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The channel guard tape gave no indication of the exact time of the interference but merely the shift during which the transmissions occurred. Therefore, the department secured a master tape from police radio dispatch of all radio transmissions and computer printouts showing the times of various assignments broadcast from the dispatch center on these dates. Mr. Connors, a civilian police communications dispatcher, compared the channel guard tape with the master tape to locate the "clicking" on the master tape. Using the times from the computer printouts for a reference point, he then placed the master tape on a tape reader that was equipped with a digital clock to determine the exact time of the channel guard transmissions. Mr. Connors prepared an edited version of the master tape on which he narrated the exact time of the interference. This re-recording contained only selected portions of transmissions from the master tape. After ten days the master tape was erased and reused.*fn2 Finally, a transcript of the edited tape was prepared by Mr. Connors indicating that the interference occurred at 2:49 a.m. on February 9, 1982 and at 3:03 a.m. on February 10, 1982.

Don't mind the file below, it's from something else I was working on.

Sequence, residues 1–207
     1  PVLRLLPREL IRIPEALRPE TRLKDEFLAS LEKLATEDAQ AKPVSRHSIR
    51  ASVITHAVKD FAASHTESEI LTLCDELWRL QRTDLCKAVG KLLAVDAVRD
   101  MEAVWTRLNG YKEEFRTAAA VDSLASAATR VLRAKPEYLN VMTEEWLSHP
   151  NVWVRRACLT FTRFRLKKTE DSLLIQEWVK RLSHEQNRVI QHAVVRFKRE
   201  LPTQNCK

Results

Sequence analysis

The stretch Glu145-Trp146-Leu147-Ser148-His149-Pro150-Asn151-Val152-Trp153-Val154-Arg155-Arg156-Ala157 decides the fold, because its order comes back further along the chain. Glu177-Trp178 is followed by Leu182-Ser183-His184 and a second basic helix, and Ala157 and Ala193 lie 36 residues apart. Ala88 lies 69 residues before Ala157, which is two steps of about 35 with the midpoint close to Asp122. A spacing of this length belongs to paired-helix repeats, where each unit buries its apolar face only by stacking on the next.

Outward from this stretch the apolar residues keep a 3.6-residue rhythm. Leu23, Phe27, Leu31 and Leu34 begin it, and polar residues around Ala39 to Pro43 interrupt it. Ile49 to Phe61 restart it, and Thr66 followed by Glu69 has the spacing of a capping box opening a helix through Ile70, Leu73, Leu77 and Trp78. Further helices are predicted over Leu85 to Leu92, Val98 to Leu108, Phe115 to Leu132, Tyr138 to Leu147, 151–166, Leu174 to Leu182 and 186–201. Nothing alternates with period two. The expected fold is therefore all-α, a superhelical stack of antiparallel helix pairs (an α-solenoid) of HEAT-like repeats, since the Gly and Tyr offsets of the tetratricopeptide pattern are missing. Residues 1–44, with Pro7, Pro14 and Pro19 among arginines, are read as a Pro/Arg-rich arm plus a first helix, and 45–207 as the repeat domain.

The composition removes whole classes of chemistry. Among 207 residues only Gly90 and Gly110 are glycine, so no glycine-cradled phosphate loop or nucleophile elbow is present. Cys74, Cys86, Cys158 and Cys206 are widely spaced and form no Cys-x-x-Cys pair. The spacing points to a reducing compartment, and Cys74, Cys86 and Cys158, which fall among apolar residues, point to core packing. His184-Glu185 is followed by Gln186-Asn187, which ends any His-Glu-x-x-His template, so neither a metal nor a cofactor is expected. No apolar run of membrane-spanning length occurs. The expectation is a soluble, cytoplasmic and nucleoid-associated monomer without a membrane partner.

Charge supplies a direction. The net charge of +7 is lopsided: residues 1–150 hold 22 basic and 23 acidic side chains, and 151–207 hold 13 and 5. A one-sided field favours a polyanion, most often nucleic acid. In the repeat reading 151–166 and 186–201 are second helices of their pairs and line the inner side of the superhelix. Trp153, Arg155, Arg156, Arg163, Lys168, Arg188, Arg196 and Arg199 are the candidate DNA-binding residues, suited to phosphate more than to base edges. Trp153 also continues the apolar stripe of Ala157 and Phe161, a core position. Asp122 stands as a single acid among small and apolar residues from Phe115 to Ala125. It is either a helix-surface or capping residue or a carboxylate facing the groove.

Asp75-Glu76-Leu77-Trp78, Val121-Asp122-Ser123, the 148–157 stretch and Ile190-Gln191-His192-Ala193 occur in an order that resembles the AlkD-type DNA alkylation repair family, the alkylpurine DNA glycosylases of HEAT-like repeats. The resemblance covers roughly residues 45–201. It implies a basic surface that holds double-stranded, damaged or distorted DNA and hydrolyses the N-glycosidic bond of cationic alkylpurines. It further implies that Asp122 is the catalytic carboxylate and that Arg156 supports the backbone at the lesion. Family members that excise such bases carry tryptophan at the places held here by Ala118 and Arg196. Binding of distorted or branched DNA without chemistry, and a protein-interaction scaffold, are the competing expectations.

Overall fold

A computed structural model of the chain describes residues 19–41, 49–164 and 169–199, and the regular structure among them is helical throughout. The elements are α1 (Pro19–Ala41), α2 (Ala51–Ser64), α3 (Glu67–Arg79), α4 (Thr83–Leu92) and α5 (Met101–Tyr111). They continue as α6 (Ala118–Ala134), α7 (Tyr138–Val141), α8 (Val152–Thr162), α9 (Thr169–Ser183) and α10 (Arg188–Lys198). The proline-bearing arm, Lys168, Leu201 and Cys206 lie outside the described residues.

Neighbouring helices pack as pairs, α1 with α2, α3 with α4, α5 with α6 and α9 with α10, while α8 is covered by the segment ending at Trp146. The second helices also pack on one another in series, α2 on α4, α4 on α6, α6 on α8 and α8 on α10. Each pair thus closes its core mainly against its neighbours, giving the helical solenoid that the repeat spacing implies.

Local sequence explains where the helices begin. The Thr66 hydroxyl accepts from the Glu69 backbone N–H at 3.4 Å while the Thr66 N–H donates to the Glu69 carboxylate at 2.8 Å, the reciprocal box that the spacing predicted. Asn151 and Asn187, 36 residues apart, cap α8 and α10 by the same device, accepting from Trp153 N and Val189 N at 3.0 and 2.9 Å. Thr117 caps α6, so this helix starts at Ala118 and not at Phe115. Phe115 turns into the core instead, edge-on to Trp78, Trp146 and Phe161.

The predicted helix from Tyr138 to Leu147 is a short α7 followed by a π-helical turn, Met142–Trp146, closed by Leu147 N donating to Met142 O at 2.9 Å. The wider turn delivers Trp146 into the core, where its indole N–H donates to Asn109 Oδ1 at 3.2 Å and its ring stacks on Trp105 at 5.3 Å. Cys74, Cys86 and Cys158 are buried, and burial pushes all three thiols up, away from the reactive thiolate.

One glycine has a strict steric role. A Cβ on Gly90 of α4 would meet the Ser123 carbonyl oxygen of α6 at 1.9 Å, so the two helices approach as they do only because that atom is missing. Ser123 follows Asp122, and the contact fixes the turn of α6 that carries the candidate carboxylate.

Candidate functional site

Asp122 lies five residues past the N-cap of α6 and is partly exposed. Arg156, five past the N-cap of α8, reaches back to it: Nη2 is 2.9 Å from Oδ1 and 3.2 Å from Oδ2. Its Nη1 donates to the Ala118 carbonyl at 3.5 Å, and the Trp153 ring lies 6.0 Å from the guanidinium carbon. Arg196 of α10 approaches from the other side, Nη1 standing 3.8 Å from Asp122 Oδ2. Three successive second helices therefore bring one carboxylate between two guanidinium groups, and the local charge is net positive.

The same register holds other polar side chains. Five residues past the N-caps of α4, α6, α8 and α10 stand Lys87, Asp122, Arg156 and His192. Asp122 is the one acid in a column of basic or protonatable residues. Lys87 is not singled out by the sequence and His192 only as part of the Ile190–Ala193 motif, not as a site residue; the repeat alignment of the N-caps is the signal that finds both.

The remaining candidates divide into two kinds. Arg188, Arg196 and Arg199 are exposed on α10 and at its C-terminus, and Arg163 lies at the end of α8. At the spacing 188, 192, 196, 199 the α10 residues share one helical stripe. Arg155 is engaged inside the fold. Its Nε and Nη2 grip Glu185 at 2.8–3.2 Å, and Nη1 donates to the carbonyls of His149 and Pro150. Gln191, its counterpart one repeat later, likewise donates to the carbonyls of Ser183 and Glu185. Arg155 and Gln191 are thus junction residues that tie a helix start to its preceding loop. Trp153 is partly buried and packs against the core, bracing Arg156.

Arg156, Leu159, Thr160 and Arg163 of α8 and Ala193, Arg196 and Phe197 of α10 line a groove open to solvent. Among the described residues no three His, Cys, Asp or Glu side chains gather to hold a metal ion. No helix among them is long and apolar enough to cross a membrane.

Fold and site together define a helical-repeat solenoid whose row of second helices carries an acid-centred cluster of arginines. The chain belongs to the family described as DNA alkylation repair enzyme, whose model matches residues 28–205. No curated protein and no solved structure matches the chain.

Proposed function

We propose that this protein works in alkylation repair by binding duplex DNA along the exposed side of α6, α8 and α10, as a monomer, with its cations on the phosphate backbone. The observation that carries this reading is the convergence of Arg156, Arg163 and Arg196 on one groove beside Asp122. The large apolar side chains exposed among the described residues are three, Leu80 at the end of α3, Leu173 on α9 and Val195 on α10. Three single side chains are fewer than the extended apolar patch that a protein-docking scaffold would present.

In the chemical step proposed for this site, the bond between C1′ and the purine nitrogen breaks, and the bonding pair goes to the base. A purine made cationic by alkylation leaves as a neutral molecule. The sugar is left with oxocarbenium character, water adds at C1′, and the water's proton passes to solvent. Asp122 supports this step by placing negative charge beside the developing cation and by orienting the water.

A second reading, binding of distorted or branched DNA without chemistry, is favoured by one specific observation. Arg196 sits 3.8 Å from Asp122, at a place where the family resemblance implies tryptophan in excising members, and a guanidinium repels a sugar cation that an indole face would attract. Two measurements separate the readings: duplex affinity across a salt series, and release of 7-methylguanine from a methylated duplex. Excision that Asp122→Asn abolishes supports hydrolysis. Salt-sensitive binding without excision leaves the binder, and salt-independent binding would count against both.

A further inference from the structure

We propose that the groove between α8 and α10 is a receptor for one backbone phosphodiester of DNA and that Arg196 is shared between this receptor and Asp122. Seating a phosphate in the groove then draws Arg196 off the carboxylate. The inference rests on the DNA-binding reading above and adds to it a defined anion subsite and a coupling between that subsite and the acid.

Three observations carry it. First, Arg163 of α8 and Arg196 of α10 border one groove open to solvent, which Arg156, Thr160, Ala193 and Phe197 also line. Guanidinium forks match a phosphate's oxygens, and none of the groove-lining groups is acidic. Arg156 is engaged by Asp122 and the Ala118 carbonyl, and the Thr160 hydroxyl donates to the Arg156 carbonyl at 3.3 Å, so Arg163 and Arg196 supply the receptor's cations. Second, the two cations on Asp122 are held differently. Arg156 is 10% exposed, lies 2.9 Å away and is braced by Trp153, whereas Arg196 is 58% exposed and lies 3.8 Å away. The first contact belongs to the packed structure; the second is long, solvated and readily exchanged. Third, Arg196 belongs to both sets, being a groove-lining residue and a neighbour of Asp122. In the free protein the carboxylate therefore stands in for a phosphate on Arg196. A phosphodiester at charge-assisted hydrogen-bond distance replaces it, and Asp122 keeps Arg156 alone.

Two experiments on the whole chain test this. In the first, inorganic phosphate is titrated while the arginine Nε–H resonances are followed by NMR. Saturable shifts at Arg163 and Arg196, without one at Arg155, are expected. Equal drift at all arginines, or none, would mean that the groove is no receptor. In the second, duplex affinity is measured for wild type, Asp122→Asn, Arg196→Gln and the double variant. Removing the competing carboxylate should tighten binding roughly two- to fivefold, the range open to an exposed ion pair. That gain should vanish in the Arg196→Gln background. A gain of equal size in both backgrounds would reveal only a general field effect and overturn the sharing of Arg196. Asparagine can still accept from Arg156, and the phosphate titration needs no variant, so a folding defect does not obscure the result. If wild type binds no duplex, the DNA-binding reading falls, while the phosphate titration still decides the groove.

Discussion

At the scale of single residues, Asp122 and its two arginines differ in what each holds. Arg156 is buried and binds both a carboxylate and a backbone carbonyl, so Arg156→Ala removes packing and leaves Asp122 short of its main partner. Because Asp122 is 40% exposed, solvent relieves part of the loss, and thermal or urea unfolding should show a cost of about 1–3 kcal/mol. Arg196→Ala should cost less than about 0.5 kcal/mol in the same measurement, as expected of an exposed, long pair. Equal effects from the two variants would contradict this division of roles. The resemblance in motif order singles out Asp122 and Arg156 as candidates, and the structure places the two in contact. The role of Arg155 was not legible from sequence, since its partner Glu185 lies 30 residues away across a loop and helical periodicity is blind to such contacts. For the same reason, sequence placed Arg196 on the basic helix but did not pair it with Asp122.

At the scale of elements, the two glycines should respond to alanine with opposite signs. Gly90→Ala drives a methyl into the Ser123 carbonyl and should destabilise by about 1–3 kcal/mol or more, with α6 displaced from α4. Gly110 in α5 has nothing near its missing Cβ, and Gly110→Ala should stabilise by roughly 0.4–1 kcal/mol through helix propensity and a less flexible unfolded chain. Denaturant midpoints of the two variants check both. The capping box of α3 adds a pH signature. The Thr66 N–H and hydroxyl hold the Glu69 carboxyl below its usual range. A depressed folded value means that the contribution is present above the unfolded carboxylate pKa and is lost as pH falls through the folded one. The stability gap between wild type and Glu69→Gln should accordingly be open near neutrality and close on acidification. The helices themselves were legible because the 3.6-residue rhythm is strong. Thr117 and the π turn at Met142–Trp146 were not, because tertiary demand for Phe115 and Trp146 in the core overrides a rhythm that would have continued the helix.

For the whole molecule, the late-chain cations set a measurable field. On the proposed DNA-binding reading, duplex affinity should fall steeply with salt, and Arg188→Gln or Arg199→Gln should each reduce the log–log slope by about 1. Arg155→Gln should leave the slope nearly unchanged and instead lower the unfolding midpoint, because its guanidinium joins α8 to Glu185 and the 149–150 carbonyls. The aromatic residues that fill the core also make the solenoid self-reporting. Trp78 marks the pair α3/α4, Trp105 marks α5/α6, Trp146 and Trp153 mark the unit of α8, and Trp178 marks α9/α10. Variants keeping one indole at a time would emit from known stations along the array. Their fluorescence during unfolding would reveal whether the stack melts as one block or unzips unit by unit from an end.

Next, an interview was conducted by Sergeant Cannon of the Internal Affairs Bureau during which Officer Lewis admitted that he was in his car and was ready for service at 2:50 a.m. on February 9 after returning from the North Central Detectives Division building. This was approximately one minute after the alleged interference on that date as indicated by the edited tape and transcript. Officer Lewis also stated that he was in his vehicle at approximately 3:00 a.m. on February 10 and was in the process of checking his radio before leaving his vehicle to issue a traffic citation to a taxi cab driver. Following the interview, Officer Lewis, a fourteen year veteran of the Department, was discharged for disobedience of orders, neglect of duty and conduct unbecoming an officer for intentionally interfering with police radio broadcasts.
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Officer Lewis appealed his discharge to the Civil Service Commission. At the hearing before the Commission, the Department offered as evidence both the channel guard tape and the edited version of the master tape, along with the transcript prepared therefrom. This evidence was admitted by the Commission which relied soley upon it in finding that Officer Lewis intentionally interfered with police radio broadcasts and thus, the Commission upheld Officer Lewis' discharge.